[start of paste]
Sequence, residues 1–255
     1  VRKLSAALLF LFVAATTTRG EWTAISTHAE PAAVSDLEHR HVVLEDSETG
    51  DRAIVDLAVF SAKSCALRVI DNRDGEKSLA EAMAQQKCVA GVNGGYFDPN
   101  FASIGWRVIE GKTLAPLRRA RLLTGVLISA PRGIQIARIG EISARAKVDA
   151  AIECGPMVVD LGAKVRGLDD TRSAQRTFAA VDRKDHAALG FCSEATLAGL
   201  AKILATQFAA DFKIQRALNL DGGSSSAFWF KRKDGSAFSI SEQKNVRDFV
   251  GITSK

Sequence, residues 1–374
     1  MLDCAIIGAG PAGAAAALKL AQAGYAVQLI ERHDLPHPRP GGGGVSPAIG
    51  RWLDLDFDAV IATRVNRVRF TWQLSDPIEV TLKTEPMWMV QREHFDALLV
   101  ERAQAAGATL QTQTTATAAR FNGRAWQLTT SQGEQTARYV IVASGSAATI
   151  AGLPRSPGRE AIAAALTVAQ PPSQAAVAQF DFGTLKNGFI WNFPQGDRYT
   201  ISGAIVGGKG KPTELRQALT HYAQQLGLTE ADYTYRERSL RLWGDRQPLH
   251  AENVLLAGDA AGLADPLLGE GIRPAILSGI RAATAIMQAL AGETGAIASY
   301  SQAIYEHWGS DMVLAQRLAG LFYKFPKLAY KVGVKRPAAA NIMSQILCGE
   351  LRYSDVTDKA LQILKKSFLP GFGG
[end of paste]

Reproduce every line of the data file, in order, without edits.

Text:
Sequence, residues 1–255
     1  VRKLSAALLF LFVAATTTRG EWTAISTHAE PAAVSDLEHR HVVLEDSETG
    51  DRAIVDLAVF SAKSCALRVI DNRDGEKSLA EAMAQQKCVA GVNGGYFDPN
   101  FASIGWRVIE GKTLAPLRRA RLLTGVLISA PRGIQIARIG EISARAKVDA
   151  AIECGPMVVD LGAKVRGLDD TRSAQRTFAA VDRKDHAALG FCSEATLAGL
   201  AKILATQFAA DFKIQRALNL DGGSSSAFWF KRKDGSAFSI SEQKNVRDFV
   251  GITSK

Sequence, residues 1–374
     1  MLDCAIIGAG PAGAAAALKL AQAGYAVQLI ERHDLPHPRP GGGGVSPAIG
    51  RWLDLDFDAV IATRVNRVRF TWQLSDPIEV TLKTEPMWMV QREHFDALLV
   101  ERAQAAGATL QTQTTATAAR FNGRAWQLTT SQGEQTARYV IVASGSAATI
   151  AGLPRSPGRE AIAAALTVAQ PPSQAAVAQF DFGTLKNGFI WNFPQGDRYT
   201  ISGAIVGGKG KPTELRQALT HYAQQLGLTE ADYTYRERSL RLWGDRQPLH
   251  AENVLLAGDA AGLADPLLGE GIRPAILSGI RAATAIMQAL AGETGAIASY
   301  SQAIYEHWGS DMVLAQRLAG LFYKFPKLAY KVGVKRPAAA NIMSQILCGE
   351  LRYSDVTDKA LQILKKSFLP GFGG